As the head of a company, there are a number of important financial decisions impacting the fate of your business that must be made. Often these involve difficult compromises. For instance, the decision between new advertising campaigns that could greatly increase sales and revenue or providing a wage increase to existing employees.
In many situations, company leaders choose to maximize profits over spending funds to improve the lives of the people that help keep the doors open. What many don’t realize is that by only providing the bare minimum to employees, they are frequently introducing a variety of factors that can significantly reduce the productivity and quality of work produced. For this reason, greater employee care may actually be the best way to improve profits.
Surviving with the Minimum
There are a number of studies out there that indicate that a higher salary up to a certain point leads to a higher quality of life. This increased salary can mean the ability to pay off a mortgage, send children to college, and save for retirement. All of which are a huge cause of stress for many working Americans. Stressors such as these have an unpleasant habit of sneaking into the workplace and impacting timing and quality of products and outcomes.
Providing more than just the minimum pay rate to employees because of this alone is extremely admirable. Some company CEOs have committed to doing just that. However, certain additional benefits exist for many managers. For instance, less stressed out employees tend to work harder, expand more on creative ideas, and collaborate better with their peers. All of these factors are huge positive qualities that CEOs spend years trying to improve in their workforces.
Fair Treatment Benefits Everyone
According to Rob Glander, CEO of the company GWC Warranty, employees should earn a fair pay for a fair day’s work. In his GWC Warranty blog, he states “Fairly paid workers are more engaged, loyal and committed when they don’t have to work two or three jobs just to make ends meet.” This statement alludes to another profound benefit of providing employees with more than just the bare minimum salary required: loyalty.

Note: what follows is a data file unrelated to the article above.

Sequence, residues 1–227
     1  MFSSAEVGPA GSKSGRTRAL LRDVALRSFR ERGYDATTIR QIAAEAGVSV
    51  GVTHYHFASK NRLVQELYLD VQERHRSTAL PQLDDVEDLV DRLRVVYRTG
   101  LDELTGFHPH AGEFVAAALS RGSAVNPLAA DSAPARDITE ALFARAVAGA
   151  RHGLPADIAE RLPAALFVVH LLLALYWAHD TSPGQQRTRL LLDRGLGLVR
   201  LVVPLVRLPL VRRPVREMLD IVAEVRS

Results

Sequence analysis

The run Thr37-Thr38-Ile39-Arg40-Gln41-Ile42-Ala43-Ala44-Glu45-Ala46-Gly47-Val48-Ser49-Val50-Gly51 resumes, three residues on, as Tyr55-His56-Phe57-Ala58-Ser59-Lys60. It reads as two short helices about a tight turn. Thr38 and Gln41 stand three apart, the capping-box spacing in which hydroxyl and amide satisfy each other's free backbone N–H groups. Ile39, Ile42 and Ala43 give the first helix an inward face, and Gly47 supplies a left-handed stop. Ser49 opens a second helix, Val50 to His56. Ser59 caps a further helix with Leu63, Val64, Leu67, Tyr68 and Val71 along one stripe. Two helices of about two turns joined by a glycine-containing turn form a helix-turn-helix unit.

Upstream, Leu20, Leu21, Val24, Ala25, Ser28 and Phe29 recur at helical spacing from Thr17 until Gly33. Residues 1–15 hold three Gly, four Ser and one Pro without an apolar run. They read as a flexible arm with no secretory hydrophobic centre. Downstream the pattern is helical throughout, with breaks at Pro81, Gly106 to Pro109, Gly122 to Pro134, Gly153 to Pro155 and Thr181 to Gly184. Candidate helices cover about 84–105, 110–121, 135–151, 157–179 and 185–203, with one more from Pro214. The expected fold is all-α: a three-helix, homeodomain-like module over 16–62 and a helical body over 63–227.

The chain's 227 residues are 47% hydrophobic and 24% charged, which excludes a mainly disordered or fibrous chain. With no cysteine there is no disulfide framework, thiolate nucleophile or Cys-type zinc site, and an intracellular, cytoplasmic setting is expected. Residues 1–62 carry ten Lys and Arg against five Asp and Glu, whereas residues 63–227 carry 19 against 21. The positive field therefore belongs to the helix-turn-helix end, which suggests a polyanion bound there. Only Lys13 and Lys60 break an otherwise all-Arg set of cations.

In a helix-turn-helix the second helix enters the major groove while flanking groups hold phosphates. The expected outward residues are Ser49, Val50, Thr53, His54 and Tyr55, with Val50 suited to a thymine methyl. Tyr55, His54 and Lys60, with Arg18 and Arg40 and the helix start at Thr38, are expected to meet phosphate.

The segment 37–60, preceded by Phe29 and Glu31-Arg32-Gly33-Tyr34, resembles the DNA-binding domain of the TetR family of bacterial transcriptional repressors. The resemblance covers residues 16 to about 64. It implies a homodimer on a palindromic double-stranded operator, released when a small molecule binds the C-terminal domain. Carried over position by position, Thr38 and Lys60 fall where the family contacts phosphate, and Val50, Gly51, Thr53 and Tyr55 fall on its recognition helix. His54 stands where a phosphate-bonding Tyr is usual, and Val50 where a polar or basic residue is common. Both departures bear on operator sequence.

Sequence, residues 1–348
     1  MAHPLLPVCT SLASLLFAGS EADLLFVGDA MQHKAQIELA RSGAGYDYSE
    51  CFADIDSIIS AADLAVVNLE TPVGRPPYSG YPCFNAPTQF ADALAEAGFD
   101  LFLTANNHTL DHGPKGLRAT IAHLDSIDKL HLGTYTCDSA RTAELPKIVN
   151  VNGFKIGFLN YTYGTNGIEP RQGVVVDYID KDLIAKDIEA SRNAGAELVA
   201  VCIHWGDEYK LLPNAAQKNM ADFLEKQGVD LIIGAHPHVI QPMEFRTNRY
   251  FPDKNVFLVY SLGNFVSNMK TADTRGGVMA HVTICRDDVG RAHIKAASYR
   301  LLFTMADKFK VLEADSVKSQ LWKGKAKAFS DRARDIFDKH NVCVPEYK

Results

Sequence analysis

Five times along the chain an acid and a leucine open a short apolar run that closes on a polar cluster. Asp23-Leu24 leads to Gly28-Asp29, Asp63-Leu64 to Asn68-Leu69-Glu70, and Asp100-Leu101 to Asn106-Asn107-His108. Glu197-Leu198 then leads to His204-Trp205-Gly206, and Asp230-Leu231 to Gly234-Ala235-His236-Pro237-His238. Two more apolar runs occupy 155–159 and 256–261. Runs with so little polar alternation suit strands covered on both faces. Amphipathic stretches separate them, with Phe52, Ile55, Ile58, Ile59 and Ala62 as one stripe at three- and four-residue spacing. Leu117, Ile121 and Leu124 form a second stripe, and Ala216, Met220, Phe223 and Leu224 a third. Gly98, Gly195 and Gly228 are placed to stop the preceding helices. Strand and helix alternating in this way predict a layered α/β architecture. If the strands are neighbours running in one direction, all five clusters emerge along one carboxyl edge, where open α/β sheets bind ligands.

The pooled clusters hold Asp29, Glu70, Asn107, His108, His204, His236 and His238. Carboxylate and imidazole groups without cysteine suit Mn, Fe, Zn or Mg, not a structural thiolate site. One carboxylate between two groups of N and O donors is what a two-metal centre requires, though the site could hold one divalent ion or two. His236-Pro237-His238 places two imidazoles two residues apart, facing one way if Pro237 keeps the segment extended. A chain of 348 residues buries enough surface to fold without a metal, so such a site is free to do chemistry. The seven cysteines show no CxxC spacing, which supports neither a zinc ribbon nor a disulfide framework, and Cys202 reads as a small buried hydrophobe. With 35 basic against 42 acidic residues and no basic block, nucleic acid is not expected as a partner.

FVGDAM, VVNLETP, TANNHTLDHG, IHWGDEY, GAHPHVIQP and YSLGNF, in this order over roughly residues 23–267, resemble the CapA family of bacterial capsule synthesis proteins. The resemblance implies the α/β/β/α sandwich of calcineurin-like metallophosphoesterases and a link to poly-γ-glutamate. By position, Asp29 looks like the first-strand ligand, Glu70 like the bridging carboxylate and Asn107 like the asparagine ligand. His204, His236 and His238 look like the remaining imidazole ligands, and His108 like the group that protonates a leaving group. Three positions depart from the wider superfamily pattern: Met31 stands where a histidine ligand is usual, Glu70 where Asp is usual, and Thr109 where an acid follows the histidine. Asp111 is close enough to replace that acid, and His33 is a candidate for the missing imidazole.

By adjusting pay up above a living wage, attracting and hiring quality employees that offer significant benefits to the company becomes profoundly easier to do. Those that are hired with the company are also typically inclined to stay longer. Retention of good employees can greatly reduce the costs of replacement and training of new personnel, which can be a major drain on the finances of a growing company. Furthermore, employees that are happy with the work they are doing and able to meet their basic needs are more likely to speak positively of their work experience and may be inadvertently providing free advertising.
Going Above and Beyond
Another way to greatly help your company by helping your employees is to provide additional benefits. Although many businesses are now required to provide health insurance to employees, there are a number of really crappy options out there. Choosing to provide quality health coverage for not only employees, but their families as well, can make a monumental difference in family stability, which reflects itself in the workplace through the previously mentioned benefits of increased productivity and loyalty.
Some company leaders have even made the decision to provide their employees with unlimited time off. It may come as a bit of a surprise, but when this benefit was offered, most companies didn’t see huge increases in the amount of time employees were absent from work. In fact, when employees were more confident that they had time off whenever they needed it, they took about the same amount of personal time throughout the year, not unreasonable amounts.
Compensating employees with an income that doesn’t make it easy to meet basic needs is a poor idea from both a management and human perspective. Companies that have chosen to provide quality incomes tend to see more productive and happy employees. Furthermore, they gain loyalty and dedication to company objectives. With this in mind, perhaps it is time to reevaluate what your employees are earning.